In Winnipeg we have Grant Avenue, for which I have often thought that it was a bit peculiar that a Canadian city should have named a large avenue after a US president.
I was wrong. Cuthbert James Grant was the person after whom was named this large avenue. So I went digging a bit further and came up with the following… Come on in.
Grant was the son of a Scottish father and Métis mother. He was born in 1793 at Fort Tremblant, a North West Company trading post located near the present-day town of Togo, Saskatchewan, where his father was a manager.
At a young age he was sent to Scotland for his education and in 1812 returned to the West in charge of a small outpost. In those times there were two big trading companies that disputed each other the fur trade on the territory of Canada as we know it today: the North West Company and the Hudson's Bay Company.
His qualities of leadership, added to his racial background, quickly made him one of the leaders of the Métis. The North West Company, then engaged in the struggle with the Hudson’s Bay Company, made him Captain-General of the half-breeds early in 1816.
Fort Gibraltar in 1811
Some of his actions led to the death of 21 colonists from the Red River Colony. After Fort Gibraltar was destroyed in Winnipeg (nowadays a rebuilt version is used for the Festival des Voyageurs), he surrendered himself and went to Montreal to face charges of murder. He was acquitted.
In 1821, the Northwest Company and the Hudson’s Bay Company merged to form the Hudson’s Bay Company. Grant was requested to head a colony of some 2000 Métis, 16 km from the Red River near the Assiniboine river by the new governor of the HBC, George Simpson.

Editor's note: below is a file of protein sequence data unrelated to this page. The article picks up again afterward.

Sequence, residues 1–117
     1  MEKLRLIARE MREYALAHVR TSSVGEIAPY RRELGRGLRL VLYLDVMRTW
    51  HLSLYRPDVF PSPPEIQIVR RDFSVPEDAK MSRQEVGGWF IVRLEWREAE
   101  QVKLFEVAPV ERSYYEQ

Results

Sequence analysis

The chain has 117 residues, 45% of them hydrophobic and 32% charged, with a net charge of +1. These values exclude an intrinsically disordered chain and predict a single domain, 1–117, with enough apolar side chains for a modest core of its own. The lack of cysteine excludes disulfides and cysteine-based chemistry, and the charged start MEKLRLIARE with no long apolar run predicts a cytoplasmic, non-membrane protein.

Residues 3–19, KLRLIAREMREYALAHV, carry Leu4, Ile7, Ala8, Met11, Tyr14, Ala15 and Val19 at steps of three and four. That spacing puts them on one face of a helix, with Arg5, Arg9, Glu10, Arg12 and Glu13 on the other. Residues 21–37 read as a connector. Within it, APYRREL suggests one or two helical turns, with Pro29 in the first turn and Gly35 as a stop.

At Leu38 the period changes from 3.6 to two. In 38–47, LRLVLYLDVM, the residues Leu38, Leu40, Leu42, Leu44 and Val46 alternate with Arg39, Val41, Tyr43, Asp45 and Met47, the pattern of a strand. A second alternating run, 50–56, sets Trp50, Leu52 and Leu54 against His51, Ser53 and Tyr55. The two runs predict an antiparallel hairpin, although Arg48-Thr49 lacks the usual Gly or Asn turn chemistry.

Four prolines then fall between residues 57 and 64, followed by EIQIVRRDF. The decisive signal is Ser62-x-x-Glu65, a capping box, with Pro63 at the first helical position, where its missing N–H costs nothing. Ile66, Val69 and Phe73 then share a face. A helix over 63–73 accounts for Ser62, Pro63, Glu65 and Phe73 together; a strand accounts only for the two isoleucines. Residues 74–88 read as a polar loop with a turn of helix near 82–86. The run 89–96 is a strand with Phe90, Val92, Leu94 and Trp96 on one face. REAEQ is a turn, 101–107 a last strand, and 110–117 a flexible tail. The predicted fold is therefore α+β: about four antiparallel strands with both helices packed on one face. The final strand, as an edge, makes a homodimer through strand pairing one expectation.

By 1825, wheat was becoming important in the region and many farmers were growing it. Grant built a dam and a watermill on the Sturgeon Creek only a few hundred meters from the Assiniboine River.
The exact location is not known, the original mill was destroyed by the waters of the Sturgeon Creek, today we can admire a copy of the watermill as we think it has existed.
The bridge you can see in the background is today’s Portage Avenue, then it was called the Portage Trail. The dam that was used to retain the water for the mill was probably also used as a bridge to cross the creek.
The Sturgeon Creek proved to be a highly treacherous little creek; it washed away the dam for 3 years in a row. After these three years Grant abandoned the idea of having a watermill in this spot, dismantled it and moved the machinery to Grantown as was called St François Xavier in that time to use it in a windmill.
Grant died in 1854 from the consequences of a fall from his horse. The Sturgeon Creek is still there today. It proves itself to be just as unreliable as 150 years ago.
The creek inundated Portage avenue in 1974 and again in 1979. After that, the creek has had some “surgery”, i.e. it has been widened and thus the risk of a flooding in this area has been diminished.
Today I went to this place to take some pictures of Grant’s Mill. The fresh snow from last night made it nearly impossible to approach the site without sinking in the snow to my hips. Stepping on the ice near the mill seemed also a bad idea, seeing the open water still there after 4 months of temperatures far below zero. So, more pictures should follow, but in a different season.
Until then, take care!